subjectivism

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(philosophy) the doctrine that knowledge and value are dependent on and limited by your subjective experience

the quality of being subjective

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References in periodicals archive ?
The personal subjectivist says, "If I say something is true, then it is"--or "It's right because I say so"--or "It's good because I feel that it is"--or the like.
Other candidates as subjectivists in metaphysics are the philosopher of science Thomas S.
The Subjectivist Roots of James Buchanan's Economics," The Review of Austrian Economics, Vol.
earlier, subjectivists start with the idea that attempts are thought
Subjectivists claim that objectivist theories of well-being are elitist, that they give short shrift to the individual's own point of view on her life, or that they ignore individual differences.
One of Heathwood's arguments (but a crucial one, if a subjectivist view like Sobel's can indeed explain reasons grounded in future desires) is that 'these desires are merely a component of the reason-providing state' (98).
Secondly, paradigmatic trends in the social sciences have tended to favor subjectivist explanations and problematize the importance of structural causality (see Beck 2002; also Steinmetz, 1999, 1-50).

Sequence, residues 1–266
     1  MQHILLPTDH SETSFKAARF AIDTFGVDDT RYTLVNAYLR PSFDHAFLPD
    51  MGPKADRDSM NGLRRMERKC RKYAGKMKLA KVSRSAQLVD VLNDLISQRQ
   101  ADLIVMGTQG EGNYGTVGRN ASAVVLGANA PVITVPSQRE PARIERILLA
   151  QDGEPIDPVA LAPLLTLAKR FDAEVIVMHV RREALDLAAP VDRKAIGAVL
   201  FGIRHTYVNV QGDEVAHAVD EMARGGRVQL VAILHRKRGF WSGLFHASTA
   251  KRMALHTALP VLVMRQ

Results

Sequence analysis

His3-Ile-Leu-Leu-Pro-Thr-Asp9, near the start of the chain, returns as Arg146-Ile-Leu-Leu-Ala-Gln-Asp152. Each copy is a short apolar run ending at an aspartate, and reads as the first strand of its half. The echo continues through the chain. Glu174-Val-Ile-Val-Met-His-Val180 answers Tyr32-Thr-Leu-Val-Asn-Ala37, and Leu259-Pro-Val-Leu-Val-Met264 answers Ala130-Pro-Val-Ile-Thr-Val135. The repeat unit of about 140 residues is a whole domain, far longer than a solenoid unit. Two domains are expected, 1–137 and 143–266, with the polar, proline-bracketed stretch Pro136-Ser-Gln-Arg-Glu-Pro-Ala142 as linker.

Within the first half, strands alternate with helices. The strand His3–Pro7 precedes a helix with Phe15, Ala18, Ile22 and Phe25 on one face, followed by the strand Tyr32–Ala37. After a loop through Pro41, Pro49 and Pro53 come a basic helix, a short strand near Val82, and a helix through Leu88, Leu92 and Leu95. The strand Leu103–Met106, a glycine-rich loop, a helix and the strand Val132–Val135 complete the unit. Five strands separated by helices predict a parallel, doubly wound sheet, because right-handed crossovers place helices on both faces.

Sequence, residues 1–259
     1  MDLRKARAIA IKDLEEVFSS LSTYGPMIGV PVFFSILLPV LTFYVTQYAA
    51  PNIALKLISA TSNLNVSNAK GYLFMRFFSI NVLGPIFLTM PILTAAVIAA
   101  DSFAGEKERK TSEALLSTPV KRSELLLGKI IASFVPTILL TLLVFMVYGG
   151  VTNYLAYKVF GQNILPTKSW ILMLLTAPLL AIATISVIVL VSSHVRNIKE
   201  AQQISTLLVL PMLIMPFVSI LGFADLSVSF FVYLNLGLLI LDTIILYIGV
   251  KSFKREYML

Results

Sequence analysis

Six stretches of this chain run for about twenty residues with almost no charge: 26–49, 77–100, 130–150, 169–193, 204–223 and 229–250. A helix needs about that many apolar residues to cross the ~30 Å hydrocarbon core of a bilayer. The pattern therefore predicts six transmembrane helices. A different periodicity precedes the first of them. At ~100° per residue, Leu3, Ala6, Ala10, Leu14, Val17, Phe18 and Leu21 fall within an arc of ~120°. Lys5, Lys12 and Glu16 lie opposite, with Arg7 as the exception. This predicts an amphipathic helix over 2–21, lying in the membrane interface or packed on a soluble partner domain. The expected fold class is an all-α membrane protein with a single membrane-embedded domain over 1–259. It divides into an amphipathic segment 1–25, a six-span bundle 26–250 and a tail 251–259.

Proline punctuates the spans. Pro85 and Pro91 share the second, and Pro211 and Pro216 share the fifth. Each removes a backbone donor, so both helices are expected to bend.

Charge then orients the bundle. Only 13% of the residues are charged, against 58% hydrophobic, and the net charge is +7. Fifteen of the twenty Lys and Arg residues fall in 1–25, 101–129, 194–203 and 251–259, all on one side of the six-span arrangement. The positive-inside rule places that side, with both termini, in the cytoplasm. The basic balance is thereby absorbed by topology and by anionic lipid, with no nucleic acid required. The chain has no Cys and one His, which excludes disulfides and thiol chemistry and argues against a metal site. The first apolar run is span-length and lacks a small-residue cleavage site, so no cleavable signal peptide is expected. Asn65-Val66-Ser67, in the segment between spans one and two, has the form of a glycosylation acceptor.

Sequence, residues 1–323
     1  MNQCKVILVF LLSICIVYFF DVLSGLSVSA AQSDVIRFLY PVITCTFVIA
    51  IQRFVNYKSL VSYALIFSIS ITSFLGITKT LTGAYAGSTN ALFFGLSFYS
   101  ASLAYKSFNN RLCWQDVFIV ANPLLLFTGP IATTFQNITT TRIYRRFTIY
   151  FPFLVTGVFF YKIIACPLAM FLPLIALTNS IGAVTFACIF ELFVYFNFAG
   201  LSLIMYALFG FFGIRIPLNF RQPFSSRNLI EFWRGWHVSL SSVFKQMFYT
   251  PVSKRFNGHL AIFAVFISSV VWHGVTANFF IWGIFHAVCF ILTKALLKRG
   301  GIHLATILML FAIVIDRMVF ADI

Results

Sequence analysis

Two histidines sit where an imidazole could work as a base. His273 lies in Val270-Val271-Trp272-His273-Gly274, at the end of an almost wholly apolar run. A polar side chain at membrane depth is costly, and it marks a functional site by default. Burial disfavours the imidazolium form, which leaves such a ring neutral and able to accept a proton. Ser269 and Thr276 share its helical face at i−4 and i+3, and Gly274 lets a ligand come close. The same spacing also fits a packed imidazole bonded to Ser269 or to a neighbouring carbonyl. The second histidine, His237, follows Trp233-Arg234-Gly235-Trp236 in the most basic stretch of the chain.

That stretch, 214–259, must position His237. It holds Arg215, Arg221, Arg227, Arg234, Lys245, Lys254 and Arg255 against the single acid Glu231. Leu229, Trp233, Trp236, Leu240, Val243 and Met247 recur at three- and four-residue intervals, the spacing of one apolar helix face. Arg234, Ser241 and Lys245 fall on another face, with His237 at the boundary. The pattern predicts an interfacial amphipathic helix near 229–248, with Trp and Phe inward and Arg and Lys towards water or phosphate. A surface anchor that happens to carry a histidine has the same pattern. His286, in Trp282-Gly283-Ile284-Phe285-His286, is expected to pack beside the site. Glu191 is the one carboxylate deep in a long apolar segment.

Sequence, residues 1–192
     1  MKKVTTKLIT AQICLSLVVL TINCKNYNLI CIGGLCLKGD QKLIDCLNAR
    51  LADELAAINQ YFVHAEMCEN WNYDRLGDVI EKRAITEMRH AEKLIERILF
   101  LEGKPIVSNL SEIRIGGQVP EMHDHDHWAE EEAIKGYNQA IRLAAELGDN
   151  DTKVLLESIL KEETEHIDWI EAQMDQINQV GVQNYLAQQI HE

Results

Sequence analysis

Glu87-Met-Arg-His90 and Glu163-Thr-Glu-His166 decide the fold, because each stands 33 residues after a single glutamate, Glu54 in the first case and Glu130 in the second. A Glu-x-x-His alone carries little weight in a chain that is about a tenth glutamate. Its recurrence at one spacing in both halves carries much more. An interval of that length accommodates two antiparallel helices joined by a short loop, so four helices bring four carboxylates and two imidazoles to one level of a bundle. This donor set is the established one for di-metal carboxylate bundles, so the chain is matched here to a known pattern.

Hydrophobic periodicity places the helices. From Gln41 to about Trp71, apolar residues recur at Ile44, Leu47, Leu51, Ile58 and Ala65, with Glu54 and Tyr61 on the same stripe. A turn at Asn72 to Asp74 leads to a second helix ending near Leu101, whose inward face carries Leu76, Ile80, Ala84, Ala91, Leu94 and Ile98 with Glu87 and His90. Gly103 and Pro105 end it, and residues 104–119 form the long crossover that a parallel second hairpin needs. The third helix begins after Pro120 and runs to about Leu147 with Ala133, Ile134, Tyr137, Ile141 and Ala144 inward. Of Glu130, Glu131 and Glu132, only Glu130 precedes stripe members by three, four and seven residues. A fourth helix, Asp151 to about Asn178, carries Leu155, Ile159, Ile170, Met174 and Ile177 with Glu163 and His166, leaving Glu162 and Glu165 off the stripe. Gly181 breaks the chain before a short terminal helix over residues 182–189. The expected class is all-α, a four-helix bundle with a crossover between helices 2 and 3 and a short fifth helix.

Whether value is ordinal or cardinal, it makes no difference in the opposition between subjectivists and objectivists.
The research combined subjectivist and objective 2.
The idea that we should exchange wonderful experiences available only to humans for wonderful experiences available only to posthumans is certainly beyond the scope of Lewis's subjectivist theory.
Discontent with subjectivism has been brewing for some years now, driven by a more nuanced understanding of the considerable merits of some objectivist accounts, notably Aristotelian theories, as well as a barrage of criticism aimed at subjectivist views like the desire theory.
Subjectivists argue that the same size shoe does not fit every foot, that ethical principles must be bent and shaped depending on the situation.
Absolutists, Situationists, Subjectivists, and Exceptionists
On the other side of the traditionally two-sided Western paradigm, subjectivists reject the idea of absolutes and contend that only through metaphor can we discover and describe our uniqueness and individuality, the only truth worth knowing.
The objectivists and subjectivists will often flail away at each other, with one side pointing out that preference is supreme, and the other side pointing out that while preference is supreme, science still rules in the realm of absolute performance.